Recently, I have found myself on a coconut kick. It wasn't necessarily a conscious decision; I just started planning things to make, and then I realized that a lot of them involved coconut. I thought it would be fun to turn it into a theme week here on my blog! So most of the recipes I will feature in the coming week will include a coconut ingredient of some kind. I'm kicking off the week with these delectable Samoas Bars.
So Andy's favorite Girl Scout cookie is the Samoa. He could probably eat a whole box of them in one day. When I found out that there was a copycat recipe out there, I got very excited. When I found it, though, I realized just how labor intensive it would be. First, there's the cookie, which needs to be cut into a circle, with a smaller circle cut out in the center. Then there's the caramel/coconut layer on top of that. Then, you'd have to dip each cookie individually into chocolate, and finally drizzle more chocolate across the tops. Sure, they'd be pretty, but I really don't have time to do all that. But, all hope was not lost! Because lo and behold, there was a Samoas Bar cookie recipe as well! This would cut out the tedious step of individual cookies, since these cookies would be baked as a 9x13 sheet. These are time-consuming, as there are many different steps. However, none of the steps are difficult, and it comes together quickly enough.
The bottom layer is basically a big shortbread cookie. Simple, and very fast to throw together and bake off in the oven. One quick note about the shortbread layer, however: I found it to be extremely crumbly. I don't think I did anything wrong; I followed the directions carefully. When I got to the final step of dipping the bars into chocolate, I couldn't successfully do so because the cookie layer literally fell apart and disappeared into the bowl of chocolate. In the future, I may look for a different, sturdier cookie base recipe and use that instead.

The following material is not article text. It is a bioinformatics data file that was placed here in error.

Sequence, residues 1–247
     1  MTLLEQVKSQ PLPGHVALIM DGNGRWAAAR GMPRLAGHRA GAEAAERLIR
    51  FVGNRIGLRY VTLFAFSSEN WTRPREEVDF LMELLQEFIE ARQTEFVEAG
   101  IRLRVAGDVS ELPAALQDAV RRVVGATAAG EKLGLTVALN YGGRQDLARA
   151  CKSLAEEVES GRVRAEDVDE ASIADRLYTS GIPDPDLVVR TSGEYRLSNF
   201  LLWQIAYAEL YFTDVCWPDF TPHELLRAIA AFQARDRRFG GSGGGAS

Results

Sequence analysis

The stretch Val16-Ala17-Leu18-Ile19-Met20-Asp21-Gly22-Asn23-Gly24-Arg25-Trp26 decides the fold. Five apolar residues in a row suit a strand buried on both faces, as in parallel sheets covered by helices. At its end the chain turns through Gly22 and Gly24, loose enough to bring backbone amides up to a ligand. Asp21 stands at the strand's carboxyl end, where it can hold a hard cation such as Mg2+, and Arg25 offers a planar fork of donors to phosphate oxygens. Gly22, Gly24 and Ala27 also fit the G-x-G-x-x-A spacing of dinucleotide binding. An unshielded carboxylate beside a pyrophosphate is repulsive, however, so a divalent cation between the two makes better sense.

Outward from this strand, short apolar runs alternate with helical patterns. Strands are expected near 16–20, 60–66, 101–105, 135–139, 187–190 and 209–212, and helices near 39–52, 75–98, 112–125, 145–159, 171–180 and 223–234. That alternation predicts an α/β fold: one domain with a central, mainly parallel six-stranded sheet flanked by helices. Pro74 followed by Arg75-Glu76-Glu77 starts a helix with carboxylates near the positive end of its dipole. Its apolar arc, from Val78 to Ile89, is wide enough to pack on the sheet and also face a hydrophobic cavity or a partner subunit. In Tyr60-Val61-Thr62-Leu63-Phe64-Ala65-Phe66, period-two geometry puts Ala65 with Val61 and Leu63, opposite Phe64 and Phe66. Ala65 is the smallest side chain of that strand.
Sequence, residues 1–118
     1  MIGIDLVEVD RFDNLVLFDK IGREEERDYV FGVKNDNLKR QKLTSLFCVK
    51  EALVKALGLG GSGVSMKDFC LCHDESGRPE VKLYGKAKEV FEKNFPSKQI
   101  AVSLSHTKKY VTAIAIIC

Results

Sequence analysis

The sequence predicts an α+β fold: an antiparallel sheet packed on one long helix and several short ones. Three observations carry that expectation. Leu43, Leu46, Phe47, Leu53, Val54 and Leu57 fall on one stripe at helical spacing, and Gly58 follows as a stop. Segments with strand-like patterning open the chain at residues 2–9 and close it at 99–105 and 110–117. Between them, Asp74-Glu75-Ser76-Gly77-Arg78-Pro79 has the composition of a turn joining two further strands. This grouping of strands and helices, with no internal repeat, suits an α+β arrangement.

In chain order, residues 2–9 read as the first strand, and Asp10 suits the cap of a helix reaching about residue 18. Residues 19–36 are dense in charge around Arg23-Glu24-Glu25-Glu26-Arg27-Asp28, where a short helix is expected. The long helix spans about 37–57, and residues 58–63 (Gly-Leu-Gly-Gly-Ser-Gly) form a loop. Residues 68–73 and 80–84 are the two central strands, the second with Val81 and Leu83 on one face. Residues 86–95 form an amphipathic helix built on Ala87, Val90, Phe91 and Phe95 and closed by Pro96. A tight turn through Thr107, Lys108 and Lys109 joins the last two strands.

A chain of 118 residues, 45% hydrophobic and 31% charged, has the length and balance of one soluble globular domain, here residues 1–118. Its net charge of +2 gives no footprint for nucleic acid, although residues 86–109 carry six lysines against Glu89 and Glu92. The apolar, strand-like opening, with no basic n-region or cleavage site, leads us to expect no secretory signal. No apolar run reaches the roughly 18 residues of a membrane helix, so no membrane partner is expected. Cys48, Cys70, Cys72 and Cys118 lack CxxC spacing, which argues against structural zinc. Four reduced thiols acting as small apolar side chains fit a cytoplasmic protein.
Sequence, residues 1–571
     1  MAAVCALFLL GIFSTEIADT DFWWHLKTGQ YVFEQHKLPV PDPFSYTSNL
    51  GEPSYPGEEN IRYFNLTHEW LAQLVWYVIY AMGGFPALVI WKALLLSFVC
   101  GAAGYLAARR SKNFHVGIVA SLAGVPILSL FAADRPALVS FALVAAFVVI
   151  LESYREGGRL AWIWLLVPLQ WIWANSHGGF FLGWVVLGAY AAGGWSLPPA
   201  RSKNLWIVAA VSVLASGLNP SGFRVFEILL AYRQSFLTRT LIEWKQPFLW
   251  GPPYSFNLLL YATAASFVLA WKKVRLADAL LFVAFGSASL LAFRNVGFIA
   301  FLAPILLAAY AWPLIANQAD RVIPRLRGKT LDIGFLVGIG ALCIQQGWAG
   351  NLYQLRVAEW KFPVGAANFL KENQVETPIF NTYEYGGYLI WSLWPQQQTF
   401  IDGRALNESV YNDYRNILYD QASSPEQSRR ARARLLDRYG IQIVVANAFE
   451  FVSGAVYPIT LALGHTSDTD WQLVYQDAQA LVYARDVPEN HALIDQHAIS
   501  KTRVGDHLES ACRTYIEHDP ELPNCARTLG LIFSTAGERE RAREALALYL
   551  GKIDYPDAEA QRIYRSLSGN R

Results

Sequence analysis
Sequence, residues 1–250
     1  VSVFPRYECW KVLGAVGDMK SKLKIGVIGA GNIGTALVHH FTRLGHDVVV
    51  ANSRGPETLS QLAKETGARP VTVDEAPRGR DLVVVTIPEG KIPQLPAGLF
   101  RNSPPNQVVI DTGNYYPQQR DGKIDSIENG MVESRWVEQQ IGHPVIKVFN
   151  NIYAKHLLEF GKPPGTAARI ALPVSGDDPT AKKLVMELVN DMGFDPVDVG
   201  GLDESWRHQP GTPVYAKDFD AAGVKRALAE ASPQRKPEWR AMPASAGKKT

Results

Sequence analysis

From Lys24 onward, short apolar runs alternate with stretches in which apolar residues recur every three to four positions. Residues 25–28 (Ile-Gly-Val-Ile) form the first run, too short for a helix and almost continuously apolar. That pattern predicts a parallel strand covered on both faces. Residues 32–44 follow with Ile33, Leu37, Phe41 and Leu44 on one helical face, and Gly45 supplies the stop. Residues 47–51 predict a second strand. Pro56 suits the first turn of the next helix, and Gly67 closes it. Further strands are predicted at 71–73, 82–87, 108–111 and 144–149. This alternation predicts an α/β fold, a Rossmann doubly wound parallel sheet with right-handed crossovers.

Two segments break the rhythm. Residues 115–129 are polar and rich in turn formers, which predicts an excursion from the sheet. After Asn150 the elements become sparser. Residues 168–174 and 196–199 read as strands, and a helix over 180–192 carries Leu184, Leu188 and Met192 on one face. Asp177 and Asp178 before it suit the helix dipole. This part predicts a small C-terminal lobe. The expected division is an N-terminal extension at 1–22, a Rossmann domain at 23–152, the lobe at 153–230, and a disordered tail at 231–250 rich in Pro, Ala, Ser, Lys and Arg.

While that cookie layer cools, you toast up 3 cups of coconut, then melt down some caramel. You fold the coconut into the melted caramel, and then drop it by spoonfuls onto the cooled cookie. It spreads fairly easily, but you have to work quickly while the caramel is still warm. You simply cover the entire cookie surface with the coconut/caramel,
then allow everything to firm up. After the bars are firm and cool, they can be cut into bars. At this point, they can be dipped in melted dark or semi-sweet chocolate (I used semi-sweet) and placed on wax paper to set. However, like I had said before, I had major problems when I got to this part. I resorted to spooning the melted chocolate onto the bar bottoms and spreading it to cover completely. I had to stick these in the fridge to firm the chocolate enough to peel the bars from the wax paper; otherwise, the chocolate and half the shortbread layer wanted to come right off. Oh, well. The drizzling part was a breeze; I waited until the bars were all chocolatey on the bottom, then I put what was left of the chocolate into a little piping/decorating bag. A quick squiggle across the tops, and they were ready for consumption!
These are delicious, all technical difficulties aside. They truly do remind you of a Samoa cookie, but without the $4.00 per box price tag. They are a good amount of work, so I'm sure I won't be making them that often, but it's a great recipe to keep in your back pocket, especially if you have a Samoa lover in the house!
The recipe can be found here.